No surprise that China is embracing California wine

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After all those stories from a few years ago about Chinese millionaires mixing Coca Cola into their Lafite, I figured it was just a matter of time before the Chinese discovered California wine, as Bloomberg is reporting.

Why would the Chinese do something so apparently preposterous as pouring cheap soda into one of the most expensive wines on earth? The initial supposition was that the Chinese were just too heathen or unsophisticated to drink Lafite neat, but I think that explanation was insulting and disingenuous to a culture far older than our own (Western) one. They were putting Coke into their Lafite for an obvious reason: to sweeten it! By itself, the Lafite was just too dry to the Chinese palate, which by and large likes its foods slightly sweet.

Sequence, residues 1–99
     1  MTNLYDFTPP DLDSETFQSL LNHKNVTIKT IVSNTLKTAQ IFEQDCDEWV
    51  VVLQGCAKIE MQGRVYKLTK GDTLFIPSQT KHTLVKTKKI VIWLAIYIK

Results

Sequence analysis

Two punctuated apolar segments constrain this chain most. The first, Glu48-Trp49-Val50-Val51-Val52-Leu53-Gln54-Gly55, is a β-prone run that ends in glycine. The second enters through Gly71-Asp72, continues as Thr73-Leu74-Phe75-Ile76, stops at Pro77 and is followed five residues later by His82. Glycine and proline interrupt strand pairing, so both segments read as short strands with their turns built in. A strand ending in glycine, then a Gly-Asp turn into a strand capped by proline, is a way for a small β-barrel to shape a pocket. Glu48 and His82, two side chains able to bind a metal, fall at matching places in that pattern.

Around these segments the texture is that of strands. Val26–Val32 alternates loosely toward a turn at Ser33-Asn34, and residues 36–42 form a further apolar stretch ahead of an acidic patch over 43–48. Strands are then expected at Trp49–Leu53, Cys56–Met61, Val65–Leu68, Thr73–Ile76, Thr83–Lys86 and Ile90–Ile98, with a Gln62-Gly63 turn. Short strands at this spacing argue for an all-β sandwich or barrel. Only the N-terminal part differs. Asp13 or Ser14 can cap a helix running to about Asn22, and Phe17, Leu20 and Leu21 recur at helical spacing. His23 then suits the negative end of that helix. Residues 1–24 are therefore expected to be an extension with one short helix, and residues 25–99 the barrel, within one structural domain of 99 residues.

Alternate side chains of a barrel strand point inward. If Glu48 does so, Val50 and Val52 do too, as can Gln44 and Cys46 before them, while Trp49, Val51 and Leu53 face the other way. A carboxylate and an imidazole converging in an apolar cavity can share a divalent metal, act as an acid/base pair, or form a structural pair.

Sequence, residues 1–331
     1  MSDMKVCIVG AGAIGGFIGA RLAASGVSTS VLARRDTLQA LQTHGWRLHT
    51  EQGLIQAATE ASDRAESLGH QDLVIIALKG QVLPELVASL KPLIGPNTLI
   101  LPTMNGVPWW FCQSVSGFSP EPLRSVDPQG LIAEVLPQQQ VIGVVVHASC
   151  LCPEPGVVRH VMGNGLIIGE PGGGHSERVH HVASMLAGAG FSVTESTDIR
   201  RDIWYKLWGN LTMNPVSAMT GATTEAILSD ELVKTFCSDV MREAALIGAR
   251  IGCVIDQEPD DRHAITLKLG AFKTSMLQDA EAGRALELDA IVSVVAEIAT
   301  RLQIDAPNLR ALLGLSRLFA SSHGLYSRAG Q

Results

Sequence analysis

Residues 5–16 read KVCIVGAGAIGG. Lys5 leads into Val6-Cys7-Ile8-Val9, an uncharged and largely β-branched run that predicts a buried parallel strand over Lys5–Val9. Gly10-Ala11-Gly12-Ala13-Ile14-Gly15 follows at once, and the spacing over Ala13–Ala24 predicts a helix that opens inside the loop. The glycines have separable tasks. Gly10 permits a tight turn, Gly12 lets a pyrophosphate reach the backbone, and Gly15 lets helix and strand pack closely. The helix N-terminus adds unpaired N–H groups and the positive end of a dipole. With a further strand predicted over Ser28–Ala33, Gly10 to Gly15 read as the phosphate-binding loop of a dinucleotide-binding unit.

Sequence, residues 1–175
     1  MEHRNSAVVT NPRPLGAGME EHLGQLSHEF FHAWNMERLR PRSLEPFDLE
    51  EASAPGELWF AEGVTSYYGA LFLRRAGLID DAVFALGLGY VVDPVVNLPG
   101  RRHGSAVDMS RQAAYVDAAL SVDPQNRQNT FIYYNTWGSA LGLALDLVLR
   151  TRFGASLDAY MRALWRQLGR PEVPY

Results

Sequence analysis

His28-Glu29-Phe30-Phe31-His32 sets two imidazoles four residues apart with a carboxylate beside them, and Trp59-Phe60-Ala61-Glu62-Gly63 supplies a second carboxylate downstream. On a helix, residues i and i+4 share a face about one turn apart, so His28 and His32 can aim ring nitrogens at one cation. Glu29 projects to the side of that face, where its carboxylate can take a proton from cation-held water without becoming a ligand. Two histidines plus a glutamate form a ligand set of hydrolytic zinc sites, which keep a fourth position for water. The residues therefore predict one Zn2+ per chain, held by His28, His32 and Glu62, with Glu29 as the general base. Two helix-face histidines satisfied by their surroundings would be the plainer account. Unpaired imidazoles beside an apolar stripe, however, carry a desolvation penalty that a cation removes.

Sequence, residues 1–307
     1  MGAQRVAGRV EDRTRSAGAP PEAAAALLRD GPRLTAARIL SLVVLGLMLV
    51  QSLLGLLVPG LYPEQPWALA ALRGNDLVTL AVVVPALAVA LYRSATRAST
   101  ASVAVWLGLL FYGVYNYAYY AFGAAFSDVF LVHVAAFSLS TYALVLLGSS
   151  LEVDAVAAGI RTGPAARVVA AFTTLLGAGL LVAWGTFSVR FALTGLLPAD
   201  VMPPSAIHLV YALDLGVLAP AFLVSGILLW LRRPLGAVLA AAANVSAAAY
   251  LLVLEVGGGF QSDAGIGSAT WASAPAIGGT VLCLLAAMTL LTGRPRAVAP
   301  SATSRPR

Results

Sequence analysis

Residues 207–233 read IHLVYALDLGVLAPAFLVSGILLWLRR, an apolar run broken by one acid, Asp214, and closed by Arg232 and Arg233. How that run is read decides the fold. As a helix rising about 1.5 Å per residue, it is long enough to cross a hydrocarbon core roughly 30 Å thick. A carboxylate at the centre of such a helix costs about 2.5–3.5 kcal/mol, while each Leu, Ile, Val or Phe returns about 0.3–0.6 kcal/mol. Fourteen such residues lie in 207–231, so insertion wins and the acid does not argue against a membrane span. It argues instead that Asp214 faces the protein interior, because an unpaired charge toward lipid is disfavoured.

The Chinese began their fascination with French wines when they started getting rich. French wines were the most famous and prestigious in China, so all the new millionaires (yuannaires?) turned to France to show off their new wealth, the same way they bought Gucci and Pucci and whatever-ucci. But guess what? The found they didn’t like their French wines because they were too dry and austere for their tastes. Funny how that works: you think you’re supposed to like something but when you finally experience it, you don’t. Hence, the decision to blend with Coca Cola made perfect sense. And Americans have no right to snicker at the Chinese for being rubes. After all, we are now a nation that worships mixologists, for whom straight vodka no longer suffices: no, we have to gaga it up with Triple Sec, sour apple pucker, heavy cream and a splash of Sprite. Calling all tiny umbrellas: report to the martini glass.